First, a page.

But as any punk-rock veteran can tell you — or probably anyone who caught the Beatles’ blink-and-you’ll-miss-it performances back in the day! — quick can be good, awfully good, when it’s quick and intense. You wouldn’t call all of Rodrigo’s show fast and furious, not when the pop-punky opener, “Brutal,” and closer, “Good 4 U,” served to bookend a lot of slow ballads and acoustic numbers and even a gosh-darn waltz. Nor did the grin that was plastered on her face bely a grim determination of spirit, exactly. Let’s talk about Rodrigo’s touring fashion sense, too: Plaid —it just doesn’t seem angry. Smiles aside, though, this is a crowd that isn’t just emptily mouthing the words at the top of its lungs: It’s a congregation of 90% girls — a Greek chorus — that you can feel literalizing the words, thinking back to their first heartbreak, which may have been a month ago, or aspiring toward a first one, and saying “eff you” to The Man, even if that has come in the form of a dumb boy.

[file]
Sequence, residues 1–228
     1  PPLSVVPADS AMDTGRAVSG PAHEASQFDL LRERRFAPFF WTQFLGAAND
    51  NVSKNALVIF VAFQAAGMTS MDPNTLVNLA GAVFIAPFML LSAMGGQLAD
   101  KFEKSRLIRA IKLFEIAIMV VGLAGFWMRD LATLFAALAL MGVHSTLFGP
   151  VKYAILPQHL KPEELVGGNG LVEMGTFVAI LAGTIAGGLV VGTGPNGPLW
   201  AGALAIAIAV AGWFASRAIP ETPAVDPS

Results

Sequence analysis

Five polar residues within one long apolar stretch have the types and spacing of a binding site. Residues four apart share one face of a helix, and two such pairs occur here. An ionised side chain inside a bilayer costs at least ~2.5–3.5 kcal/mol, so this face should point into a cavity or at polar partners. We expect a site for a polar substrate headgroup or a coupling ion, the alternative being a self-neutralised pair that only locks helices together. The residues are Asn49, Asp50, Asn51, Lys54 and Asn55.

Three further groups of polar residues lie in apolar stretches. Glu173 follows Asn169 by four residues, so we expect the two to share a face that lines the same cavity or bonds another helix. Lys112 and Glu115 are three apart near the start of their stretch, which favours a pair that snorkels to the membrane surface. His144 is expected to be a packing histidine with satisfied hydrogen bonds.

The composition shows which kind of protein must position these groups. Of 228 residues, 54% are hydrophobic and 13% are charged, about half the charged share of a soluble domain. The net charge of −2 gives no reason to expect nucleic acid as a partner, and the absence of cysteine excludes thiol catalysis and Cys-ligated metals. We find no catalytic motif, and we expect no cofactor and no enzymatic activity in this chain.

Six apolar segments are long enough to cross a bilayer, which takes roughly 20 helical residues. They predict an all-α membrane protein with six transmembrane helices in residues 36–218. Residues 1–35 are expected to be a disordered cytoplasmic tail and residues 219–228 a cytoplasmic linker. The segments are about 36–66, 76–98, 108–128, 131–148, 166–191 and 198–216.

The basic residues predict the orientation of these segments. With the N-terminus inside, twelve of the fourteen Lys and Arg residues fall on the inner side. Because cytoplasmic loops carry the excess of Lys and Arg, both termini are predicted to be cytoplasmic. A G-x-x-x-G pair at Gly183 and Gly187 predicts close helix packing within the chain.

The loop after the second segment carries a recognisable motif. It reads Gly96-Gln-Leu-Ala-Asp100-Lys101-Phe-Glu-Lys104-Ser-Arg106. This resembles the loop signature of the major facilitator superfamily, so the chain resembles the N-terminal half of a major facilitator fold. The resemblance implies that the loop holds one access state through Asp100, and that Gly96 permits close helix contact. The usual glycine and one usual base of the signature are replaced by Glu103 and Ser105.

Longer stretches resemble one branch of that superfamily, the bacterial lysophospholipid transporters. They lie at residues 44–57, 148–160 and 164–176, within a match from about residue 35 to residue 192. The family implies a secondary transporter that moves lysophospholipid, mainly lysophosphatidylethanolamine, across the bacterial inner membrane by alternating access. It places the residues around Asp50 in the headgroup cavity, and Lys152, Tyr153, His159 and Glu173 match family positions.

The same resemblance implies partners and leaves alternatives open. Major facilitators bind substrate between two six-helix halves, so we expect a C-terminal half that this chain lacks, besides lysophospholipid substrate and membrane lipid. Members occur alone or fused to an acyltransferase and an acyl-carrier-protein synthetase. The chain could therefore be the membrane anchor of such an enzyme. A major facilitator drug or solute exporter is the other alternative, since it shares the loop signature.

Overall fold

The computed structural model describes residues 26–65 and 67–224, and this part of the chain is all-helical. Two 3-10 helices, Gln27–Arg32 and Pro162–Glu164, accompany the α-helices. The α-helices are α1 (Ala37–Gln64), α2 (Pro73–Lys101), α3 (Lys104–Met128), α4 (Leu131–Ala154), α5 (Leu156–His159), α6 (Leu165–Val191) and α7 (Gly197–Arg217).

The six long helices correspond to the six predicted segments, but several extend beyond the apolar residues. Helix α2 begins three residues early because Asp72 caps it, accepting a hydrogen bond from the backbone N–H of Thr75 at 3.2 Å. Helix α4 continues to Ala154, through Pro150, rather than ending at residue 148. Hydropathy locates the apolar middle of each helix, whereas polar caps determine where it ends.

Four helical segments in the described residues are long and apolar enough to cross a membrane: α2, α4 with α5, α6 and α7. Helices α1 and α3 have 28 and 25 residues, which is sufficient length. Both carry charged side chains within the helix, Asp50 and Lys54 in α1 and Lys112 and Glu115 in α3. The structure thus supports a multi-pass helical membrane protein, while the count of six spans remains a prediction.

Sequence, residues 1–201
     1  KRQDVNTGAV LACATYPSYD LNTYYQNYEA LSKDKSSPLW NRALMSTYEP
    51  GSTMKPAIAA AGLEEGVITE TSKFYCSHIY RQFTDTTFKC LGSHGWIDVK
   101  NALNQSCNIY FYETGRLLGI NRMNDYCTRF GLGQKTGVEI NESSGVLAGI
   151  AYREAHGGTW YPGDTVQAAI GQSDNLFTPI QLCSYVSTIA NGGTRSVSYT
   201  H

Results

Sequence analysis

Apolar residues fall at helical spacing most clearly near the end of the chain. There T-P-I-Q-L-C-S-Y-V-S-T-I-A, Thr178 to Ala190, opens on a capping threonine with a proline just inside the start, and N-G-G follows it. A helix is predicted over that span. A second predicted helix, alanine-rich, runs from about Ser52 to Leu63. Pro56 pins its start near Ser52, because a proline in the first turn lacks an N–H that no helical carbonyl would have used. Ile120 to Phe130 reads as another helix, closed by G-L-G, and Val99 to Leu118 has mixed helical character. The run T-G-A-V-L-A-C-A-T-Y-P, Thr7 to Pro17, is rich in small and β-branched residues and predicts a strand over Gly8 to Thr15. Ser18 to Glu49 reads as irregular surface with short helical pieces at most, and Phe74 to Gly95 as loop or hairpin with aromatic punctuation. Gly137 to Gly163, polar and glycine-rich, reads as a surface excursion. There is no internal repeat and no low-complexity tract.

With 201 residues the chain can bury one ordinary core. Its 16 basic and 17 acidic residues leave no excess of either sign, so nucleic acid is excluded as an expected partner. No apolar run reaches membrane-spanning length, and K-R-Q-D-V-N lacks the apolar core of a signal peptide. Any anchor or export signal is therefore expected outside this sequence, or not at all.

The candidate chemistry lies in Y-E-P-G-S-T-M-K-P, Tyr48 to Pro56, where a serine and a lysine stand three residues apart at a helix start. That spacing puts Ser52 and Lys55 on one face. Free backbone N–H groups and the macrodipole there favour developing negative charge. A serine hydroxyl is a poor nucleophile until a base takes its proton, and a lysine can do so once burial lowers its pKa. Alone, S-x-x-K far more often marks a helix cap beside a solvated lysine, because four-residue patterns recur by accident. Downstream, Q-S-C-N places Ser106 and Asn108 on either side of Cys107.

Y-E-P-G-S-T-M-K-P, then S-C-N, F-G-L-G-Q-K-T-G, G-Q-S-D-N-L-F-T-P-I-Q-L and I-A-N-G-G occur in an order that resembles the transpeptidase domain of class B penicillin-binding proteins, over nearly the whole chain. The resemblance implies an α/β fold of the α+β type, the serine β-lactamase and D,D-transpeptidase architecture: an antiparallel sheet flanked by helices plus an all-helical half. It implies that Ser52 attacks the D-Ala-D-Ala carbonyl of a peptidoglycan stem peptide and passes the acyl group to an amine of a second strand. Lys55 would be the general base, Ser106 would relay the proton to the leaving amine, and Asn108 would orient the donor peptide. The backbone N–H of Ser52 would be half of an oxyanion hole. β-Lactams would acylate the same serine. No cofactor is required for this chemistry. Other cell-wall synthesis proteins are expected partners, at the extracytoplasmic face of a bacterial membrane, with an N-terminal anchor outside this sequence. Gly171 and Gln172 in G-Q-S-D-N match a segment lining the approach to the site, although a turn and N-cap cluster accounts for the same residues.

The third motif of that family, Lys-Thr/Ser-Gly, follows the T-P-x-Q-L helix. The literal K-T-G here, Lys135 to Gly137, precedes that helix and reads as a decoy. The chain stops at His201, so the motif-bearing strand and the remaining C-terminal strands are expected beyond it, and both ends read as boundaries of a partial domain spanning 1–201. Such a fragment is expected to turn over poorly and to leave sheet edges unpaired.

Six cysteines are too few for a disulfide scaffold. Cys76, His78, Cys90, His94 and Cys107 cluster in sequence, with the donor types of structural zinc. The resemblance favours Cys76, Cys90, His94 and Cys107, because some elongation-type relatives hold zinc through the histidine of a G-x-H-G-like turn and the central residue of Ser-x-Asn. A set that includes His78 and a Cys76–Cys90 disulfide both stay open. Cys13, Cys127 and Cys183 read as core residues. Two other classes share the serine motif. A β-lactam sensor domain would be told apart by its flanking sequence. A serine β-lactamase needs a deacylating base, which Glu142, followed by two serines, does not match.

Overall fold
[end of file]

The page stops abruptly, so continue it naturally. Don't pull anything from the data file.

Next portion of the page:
When you have almost 6,000 girls (and a few hundred guys, probably, sure, and pockets of sympathetic elders old enough to be their ancestors) bellowing the words to a credibly disaffected, post-Disney, teen-riot-grrl anthem like “Brutal,” how does that not warm your rock ‘n’ roll heart? But to the credit of Rodrigo’s fan base, they knew their way around an actual melody, too. The loveliest moment of Wednesday night’s show came when the star brought out “Sour’s” co-writer/producer, Dan Nigro, to perform the plaintive “Favorite Crime” with her as an acoustic two-hander. The audience got less shouty and, without losing a lot in the way of volume, followed the intricacies of the tune’s prettier turns, even in the section near the end where the rush of words quickens and Rodrigo starts singing in a sort of double-time. So give this crowd under contract, already.
That “every song is a sing-along” mentality has ruined many a concert aimed at older demographics; raise your hand, boomers, if you’ve ever had a concert spoiled by drunks who thought they could sing “Desperado” better than Henley. But being situated in the middle of an actual choir? That’s more of a rush than an annoyance.